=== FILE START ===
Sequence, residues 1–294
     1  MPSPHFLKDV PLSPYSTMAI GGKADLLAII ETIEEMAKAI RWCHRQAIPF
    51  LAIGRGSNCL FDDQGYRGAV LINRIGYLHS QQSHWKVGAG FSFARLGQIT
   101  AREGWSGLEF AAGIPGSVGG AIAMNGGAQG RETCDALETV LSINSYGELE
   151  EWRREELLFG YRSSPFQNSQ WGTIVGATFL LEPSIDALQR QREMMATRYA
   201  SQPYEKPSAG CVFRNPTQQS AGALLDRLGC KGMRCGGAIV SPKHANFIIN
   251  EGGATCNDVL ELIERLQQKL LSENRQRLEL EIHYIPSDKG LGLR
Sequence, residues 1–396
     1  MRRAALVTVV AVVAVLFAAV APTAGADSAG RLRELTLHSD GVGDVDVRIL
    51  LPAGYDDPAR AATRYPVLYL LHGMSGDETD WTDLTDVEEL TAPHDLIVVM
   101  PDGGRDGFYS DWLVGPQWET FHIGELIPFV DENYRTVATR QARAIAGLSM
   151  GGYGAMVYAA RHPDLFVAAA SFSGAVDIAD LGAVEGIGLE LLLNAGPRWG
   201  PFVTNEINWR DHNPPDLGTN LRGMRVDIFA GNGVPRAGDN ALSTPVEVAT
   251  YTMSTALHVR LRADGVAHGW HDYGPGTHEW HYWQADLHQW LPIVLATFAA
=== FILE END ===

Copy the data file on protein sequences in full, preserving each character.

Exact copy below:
Sequence, residues 1–294
     1  MPSPHFLKDV PLSPYSTMAI GGKADLLAII ETIEEMAKAI RWCHRQAIPF
    51  LAIGRGSNCL FDDQGYRGAV LINRIGYLHS QQSHWKVGAG FSFARLGQIT
   101  AREGWSGLEF AAGIPGSVGG AIAMNGGAQG RETCDALETV LSINSYGELE
   151  EWRREELLFG YRSSPFQNSQ WGTIVGATFL LEPSIDALQR QREMMATRYA
   201  SQPYEKPSAG CVFRNPTQQS AGALLDRLGC KGMRCGGAIV SPKHANFIIN
   251  EGGATCNDVL ELIERLQQKL LSENRQRLEL EIHYIPSDKG LGLR
Sequence, residues 1–396
     1  MRRAALVTVV AVVAVLFAAV APTAGADSAG RLRELTLHSD GVGDVDVRIL
    51  LPAGYDDPAR AATRYPVLYL LHGMSGDETD WTDLTDVEEL TAPHDLIVVM
   101  PDGGRDGFYS DWLVGPQWET FHIGELIPFV DENYRTVATR QARAIAGLSM
   151  GGYGAMVYAA RHPDLFVAAA SFSGAVDIAD LGAVEGIGLE LLLNAGPRWG
   201  PFVTNEINWR DHNPPDLGTN LRGMRVDIFA GNGVPRAGDN ALSTPVEVAT
   251  YTMSTALHVR LRADGVAHGW HDYGPGTHEW HYWQADLHQW LPIVLATFAA